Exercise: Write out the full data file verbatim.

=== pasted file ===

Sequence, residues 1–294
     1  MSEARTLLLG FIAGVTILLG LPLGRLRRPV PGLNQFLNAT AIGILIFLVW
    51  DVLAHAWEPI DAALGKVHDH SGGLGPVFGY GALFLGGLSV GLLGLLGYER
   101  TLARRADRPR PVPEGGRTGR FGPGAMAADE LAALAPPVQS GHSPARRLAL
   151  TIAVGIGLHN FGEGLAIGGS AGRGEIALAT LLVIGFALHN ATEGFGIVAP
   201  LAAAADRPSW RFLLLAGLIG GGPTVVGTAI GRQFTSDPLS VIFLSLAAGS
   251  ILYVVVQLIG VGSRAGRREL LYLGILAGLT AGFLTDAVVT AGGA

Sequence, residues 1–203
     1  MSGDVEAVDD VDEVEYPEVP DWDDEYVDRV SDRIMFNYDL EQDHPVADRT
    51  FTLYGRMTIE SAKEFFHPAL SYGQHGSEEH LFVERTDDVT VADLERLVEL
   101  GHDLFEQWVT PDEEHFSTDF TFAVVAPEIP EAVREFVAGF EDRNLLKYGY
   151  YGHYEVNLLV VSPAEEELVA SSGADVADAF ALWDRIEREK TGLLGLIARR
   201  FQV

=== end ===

Sequence, residues 1–294
     1  MSEARTLLLG FIAGVTILLG LPLGRLRRPV PGLNQFLNAT AIGILIFLVW
    51  DVLAHAWEPI DAALGKVHDH SGGLGPVFGY GALFLGGLSV GLLGLLGYER
   101  TLARRADRPR PVPEGGRTGR FGPGAMAADE LAALAPPVQS GHSPARRLAL
   151  TIAVGIGLHN FGEGLAIGGS AGRGEIALAT LLVIGFALHN ATEGFGIVAP
   201  LAAAADRPSW RFLLLAGLIG GGPTVVGTAI GRQFTSDPLS VIFLSLAAGS
   251  ILYVVVQLIG VGSRAGRREL LYLGILAGLT AGFLTDAVVT AGGA

Sequence, residues 1–203
     1  MSGDVEAVDD VDEVEYPEVP DWDDEYVDRV SDRIMFNYDL EQDHPVADRT
    51  FTLYGRMTIE SAKEFFHPAL SYGQHGSEEH LFVERTDDVT VADLERLVEL
   101  GHDLFEQWVT PDEEHFSTDF TFAVVAPEIP EAVREFVAGF EDRNLLKYGY
   151  YGHYEVNLLV VSPAEEELVA SSGADVADAF ALWDRIEREK TGLLGLIARR
   201  FQV